Mysteries Abound

My brother and I have had a long-running conversation about projected and actual performance at Pineview Run. He contends that FWD cars have a major disadvantage compared to RWD because their lap times have been generally poor. Over the last year or so, several thoughts have come up.

  • FWD cars don’t accelerate as well? Pineview has a prominent downhill section followed by an uphill. If the weight goes to the rear in the uphill, the FWD vehicles may not be able to get their power down effectively as they climb up the esses. This has largely been debunked by data: FWD cars accelerate very well.
  • FWD cars are slower through the downhill? FWD cars put ~65% of their weight on the front wheels. When they are going downhill, the weight is even more biased towards the front. Having such an unequal weight distribution might make them difficult to handle.
  • People don’t know how to drive FWD cars? To my chagrin, that was debunked by Mario driving a Veloster faster than me.
  • FWD cars can’t turn? After looking at some data, I remarked that “of course FWD cars accelerate well, they are being over-slowed”. Mario’s position on this was, “you can’t go in faster because they aren’t turning”. I’m not sure this is true of all cars, but certainly a Civic was washing out on me.
  • Best Motoring! None of this made much sense to me. If you watch Best Motoring, FWD cars are often more nimble than RWD on twisty tracks, like the Ebisu circuits in Japan.
  • Assetto Corsa! In my own virtual testing in Assetto Corsa (yes, Pineview Run is in AC), I found that the Abarth 500 was actually quite good at Pineview, and suffered nothing from being FWD.

I recently had the opportunity to drive Mario’s wife’s Honda Civic at Pineview, and despite a decent power:weight ratio, it was disappointingly slow. Not only that, it didn’t feel like it had much grip. It completely washed out in some corners where Miatas were sticking like glue. Ultimately, I did agree with Mario about the Honda: it’s not as fast as it should be. However, I was still not willing to say it was a FWD disadvantage.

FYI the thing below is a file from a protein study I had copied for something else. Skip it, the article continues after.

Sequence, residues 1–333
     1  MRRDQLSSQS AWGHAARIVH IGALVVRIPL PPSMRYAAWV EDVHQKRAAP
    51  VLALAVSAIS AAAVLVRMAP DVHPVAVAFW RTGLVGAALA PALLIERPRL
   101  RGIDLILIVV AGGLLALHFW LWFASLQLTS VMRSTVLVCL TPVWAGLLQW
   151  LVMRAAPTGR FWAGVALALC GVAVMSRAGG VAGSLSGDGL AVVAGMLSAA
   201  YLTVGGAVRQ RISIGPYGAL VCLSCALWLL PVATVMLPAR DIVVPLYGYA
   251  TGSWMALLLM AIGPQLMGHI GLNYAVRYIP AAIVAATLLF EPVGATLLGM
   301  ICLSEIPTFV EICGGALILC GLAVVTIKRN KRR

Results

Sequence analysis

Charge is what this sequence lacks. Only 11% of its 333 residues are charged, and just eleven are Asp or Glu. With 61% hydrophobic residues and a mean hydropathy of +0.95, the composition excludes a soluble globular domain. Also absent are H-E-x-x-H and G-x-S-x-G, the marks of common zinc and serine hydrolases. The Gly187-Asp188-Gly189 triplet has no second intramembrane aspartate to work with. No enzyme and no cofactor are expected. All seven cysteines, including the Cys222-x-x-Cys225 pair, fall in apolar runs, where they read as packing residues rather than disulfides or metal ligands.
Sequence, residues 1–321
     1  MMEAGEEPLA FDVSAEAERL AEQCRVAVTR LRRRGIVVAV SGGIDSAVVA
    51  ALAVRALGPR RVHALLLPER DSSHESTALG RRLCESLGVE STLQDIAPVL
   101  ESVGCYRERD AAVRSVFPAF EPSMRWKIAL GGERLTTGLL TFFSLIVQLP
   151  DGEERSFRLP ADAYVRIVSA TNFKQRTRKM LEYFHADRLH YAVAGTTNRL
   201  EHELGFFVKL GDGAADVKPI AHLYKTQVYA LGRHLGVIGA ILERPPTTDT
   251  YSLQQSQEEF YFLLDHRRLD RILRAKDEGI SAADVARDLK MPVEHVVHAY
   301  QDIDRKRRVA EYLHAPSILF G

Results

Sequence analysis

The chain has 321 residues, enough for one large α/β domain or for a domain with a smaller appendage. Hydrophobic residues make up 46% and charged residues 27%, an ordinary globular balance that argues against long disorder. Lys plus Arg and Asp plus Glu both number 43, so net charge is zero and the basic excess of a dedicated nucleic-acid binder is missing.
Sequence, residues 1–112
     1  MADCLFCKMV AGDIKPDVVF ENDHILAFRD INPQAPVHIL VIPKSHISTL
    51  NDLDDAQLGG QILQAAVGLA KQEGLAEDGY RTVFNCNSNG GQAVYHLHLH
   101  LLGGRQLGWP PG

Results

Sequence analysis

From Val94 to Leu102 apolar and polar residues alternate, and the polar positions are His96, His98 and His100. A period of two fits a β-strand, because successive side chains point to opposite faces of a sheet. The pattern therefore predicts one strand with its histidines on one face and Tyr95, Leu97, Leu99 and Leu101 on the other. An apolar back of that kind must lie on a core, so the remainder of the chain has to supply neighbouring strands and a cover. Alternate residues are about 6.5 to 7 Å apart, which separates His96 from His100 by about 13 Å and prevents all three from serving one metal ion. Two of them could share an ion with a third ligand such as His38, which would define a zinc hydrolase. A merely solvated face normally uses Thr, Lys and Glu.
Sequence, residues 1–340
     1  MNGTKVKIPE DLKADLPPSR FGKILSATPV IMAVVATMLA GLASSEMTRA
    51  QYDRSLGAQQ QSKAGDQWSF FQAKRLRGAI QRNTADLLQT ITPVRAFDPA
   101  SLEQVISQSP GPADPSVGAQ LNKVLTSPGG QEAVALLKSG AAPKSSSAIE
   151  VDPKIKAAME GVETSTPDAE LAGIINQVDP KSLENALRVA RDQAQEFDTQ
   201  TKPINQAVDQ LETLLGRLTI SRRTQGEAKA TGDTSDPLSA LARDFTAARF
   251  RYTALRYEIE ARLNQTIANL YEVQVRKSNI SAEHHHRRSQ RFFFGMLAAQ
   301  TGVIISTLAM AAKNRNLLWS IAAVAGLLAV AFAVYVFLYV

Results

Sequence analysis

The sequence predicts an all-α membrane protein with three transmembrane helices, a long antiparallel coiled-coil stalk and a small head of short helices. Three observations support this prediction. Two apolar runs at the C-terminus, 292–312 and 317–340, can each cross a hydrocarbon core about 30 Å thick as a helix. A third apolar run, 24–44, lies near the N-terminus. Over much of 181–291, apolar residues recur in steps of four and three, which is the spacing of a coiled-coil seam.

Then I drove the Civic at Lime Rock Park, and found it had some similar behaviors as before (disappointingly slow, low grip, brakes overheating). However, it was really fast on the straights (114). YSAR reader Sean made a very astute observation: Lime Rock doesn’t have many braking zones. True! I was hardly braking at all, and my brakes were smoking when I came in. Not just the fronts either, the rears were hot. Then Mario when out and coasted around the track in heavy traffic and when he came in the rear brakes were hotter than the front!


Mario pulled up the AiM Solo data from the Civic and compared it to a Spec Miata that was also at Lime Rock. The SM was shod with Falken Azenis RT615K while the Civic was on Nexen N-FERA SUR4G. These should be roughly equivalent in grip, but if you look at the lateral Gs, the Civic was way down. Is it the case that I can’t drive for shit? Well, I hope not, and I think not. From my perspective, the car was sliding out mid-corner, unable to hold its line. We think this is because of Honda’s VSA (vehicle stability assist) applying brakes constantly. If the brakes are being actuated mid-corner, it’s going to take away from the lateral grip. Turning VSA off is a ludicrously complex procedure, so Mario never turns it off. But clearly we need to try that next.

At this point, we are cautiously accepting that the Civic is slow because of VSA, but it doesn’t explain why other FWD cars appear to be slow. Pineview Run has seen laps turned by some high performance FWD cars like a Focus RS, Fiesta ST, and Veloster N. On a bigger track, like NYST, these cars will eat Mario’s Miata for lunch. But at Pineview, the Miata holds its own. I still don’t believe that FWD is the major determinant here. There is overall weight to consider. Also, most of the FWD cars have turbos, and my experience with the Civic, which is turbocharged, is that the turbo rarely gets a chance to shine because there are no long straights. The current FWD lap record is held by a CRX, which is both lightweight and naturally aspirated.

I guess we’ll have to do some more testing. Maybe even in my car (wait a sec, do I have a car in New York now….?)

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